The President’s Laundry List

The State of the Union address is a blueprint for governing, a signal to the federal executive bureaucracy of what the president's priorities are.

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President Barack Obama gestures as he speaks at the House Democratic Issues Conference in Lansdowne, Va., Thursday, Feb. 7, 2013.

The State of the Union is an odd speech. It's the one time in a typical year that the president can count on to speak directly to the entire nation (or as much of it as he's going to get). But because of that it's also almost always a rhetorical mess—a policy laundry list that tends to lack thematic coherence. This isn't for lack of effort on the part of the speechwriters, and sometimes the presidents.

Speaking at a Bipartisan Policy Center panel of former presidential speechwriters this morning, Jeff Shesol, a former Clinton speechwriter, recalled a suggestion he made not too long after he arrived at the White House for Clinton's 1999 State of the Union address. "I was full of what I thought of as fresh ideas, I wrote a memo arguing for a tightly thematic approach to the State of the Union address—to finally reject the laundry list, to make an argument for something, but let a lot of other stuff fall by the way side in these other speeches and so forth," he said. "I made my case in a couple of page memo." How'd that idea go over? "I was told, essentially, 'You're adorable.'" Then, he said, "I got to work like everybody else filling out the laundry list."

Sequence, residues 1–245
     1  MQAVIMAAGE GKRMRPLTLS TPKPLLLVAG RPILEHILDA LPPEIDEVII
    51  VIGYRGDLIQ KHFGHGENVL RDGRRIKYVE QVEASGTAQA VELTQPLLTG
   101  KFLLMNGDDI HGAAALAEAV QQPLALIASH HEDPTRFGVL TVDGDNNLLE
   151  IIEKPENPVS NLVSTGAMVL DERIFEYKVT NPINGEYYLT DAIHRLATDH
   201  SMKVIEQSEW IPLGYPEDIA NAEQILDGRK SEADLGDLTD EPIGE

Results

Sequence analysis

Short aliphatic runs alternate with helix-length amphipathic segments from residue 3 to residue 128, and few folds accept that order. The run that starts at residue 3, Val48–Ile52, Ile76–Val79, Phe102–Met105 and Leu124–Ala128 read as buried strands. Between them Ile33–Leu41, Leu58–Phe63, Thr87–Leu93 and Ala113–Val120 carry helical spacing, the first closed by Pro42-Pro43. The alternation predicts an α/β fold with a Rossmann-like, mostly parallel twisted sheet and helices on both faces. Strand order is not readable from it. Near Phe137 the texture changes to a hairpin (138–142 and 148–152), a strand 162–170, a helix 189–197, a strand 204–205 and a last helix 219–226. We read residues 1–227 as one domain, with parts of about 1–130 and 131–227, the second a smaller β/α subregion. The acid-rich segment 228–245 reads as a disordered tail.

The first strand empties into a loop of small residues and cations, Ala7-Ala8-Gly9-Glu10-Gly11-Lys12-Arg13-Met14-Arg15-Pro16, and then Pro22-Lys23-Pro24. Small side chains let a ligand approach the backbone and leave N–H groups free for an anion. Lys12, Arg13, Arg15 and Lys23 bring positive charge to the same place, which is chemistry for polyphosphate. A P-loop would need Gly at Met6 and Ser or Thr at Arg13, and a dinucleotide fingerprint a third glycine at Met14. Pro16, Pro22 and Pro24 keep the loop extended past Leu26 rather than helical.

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John McConnell, who wrote speeches for President George W. Bush echoed Shesol's experience. "I actually thought we were going to accomplish this after 9/11, the first State of the Union after the attack," he recalled. "I really thought it was possible, but that was also an 'adorable' notion."

There's a reason for this. The State of the Union address is a blueprint for governing, a signal to the federal executive bureaucracy of what the president's priorities are.

Which isn't to say that attempts to get around that issue don't periodically crop up. As his staff worked on his 1970 State of the Union address, as I recount in White House Ghosts: Presidents and Their Speechwriters, Richard Nixon complained to them that he wanted the proverbial thematic speech. "Why do we have to have all that dull stuff about agriculture and cesspools?" Nixon asked his aides. "Let's get the dull subjects out of the way in a paragraph toward the beginning." At this point he leaned back and put his feet up on a desk. "Good God," he said, frowning, "Agriculture in a State of the Union isn't worth a damn."

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The fix Nixon came up with, which Reagan also tried in his second term, was a long, programmatic, written State of the Union address and a shorter, more thematic spoken one.

And Shesol wasn't the only Clinton era scribe to come up with the notion of getting away from the laundry list approach. As Clinton was preparing his 1998 address, the Monica Lewinsky scandal broke. "Now the speech has to be really poetic," chief speechwriter Michael Waldman quipped in one meeting, prompting deputy chief of staff John Podesta to fire back, "Yeah, now it's going to have to be in iambic pentameter."

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